Armenia Approves New Nuclear Plant Over Green Objections

By Gayane Mkrtchyan

YEREVAN, Armenia, December 28, 2009 (ENS) – Armenia has cleared the way for a new nuclear power plant, despite green groups’ objections that its location could put the country’s capital at risk.

Earlier this month, the government approved the creation of Atomstroyexport, a joint Russian-Armenian company that will own the station.

“Today we are taking a political decision, we are giving our agreement to the creation of a joint venture with our Russian partners,” said Prime Minister Tigran Sargsyan on December 3.

Armenia plans to finish the new generating unit by 2016, and it will replace the Metsamor plant, which produces 40 percent of the country’s power but is nearing the end of its life. Without the nuclear plant, Armenia would be largely dependent on gas imported from Russia or Iran.

“The new nuclear power station will become a security zone for Armenia in the energy system. A nuclear reactor is necessary as an energy resource that can ensure the self-sufficiency of the country,” said Sevak Sarukhanyan, an economist and deputy director of the Noravank think tank.

Sargsyan said the new station is crucial to efforts to revive Armenia’s economy, which has suffered both from the post-Soviet collapse and the blockade imposed by Azerbaijan and Turkey.

“If we do not build the nuclear power station then, of course, our competitive position will significantly worsen,” he said.

Construction of the plant will take five or six years, and it should have a working life of 60 years, which will guarantee Armenia’s electricity supply far into the future.

Ecological groups, however, remain strongly opposed to the plans. Hakob Manasaryan, head of the Union of Greens, said the government did not explore other energy options in its rush to approve a new nuclear plant. He worries that Armenia, which is prone to earthquakes, could see a disaster such as the one that struck Ukraine’s Chernobyl reactor 23 years ago.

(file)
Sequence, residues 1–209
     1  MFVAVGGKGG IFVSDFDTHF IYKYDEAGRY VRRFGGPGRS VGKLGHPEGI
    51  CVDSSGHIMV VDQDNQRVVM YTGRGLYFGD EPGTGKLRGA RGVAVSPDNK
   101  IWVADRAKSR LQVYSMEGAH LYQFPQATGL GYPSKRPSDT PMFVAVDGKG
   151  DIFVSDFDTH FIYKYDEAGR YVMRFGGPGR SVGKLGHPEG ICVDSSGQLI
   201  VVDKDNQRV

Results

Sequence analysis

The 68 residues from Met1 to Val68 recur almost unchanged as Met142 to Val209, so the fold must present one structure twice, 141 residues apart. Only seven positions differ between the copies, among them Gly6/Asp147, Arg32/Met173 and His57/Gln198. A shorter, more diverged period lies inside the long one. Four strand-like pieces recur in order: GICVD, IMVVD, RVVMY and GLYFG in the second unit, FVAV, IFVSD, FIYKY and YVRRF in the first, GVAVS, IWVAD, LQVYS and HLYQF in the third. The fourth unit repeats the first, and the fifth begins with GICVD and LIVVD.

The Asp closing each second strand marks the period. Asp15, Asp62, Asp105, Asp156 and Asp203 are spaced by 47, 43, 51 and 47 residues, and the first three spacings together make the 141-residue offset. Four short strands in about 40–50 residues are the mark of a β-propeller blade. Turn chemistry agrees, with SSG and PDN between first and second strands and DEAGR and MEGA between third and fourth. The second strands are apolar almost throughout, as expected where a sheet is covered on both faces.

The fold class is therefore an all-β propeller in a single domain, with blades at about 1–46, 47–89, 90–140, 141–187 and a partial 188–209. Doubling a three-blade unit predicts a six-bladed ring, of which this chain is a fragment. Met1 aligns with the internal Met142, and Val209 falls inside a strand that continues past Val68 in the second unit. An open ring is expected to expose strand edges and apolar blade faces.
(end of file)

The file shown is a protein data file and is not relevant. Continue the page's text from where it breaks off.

“I have the impression that the officials are thinking only of the next 15 or 20 years. A new structure, with a capacity of 1,200 megawatts should be at least 100 to 150 kilometers (60 to 90 miles) from big cities. The existing Metsamor station, which is just 20 km in a straight line from the capital, does not even meet this condition,” he said.

“There is not one safe working reactor. Of course it is good if it is super-modern, which means, it is less dangerous, but who can vouch for that? And with a capacity of 1,200 megawatts, the consequences of the risk could be more significant. The construction of a new reactor in the same place [as the Metsamor plant] is even more dangerous,” said Manasaryan.

But Areg Galstyan, deputy energy and natural resources minister, said new reactors are built to far higher safety standards than Chernobyl-type nuclear power stations, and that the ecologists have nothing to worry about.

Armenia’s Metsamor nuclear power station (Photo courtesy Nuclear Threat Initiative)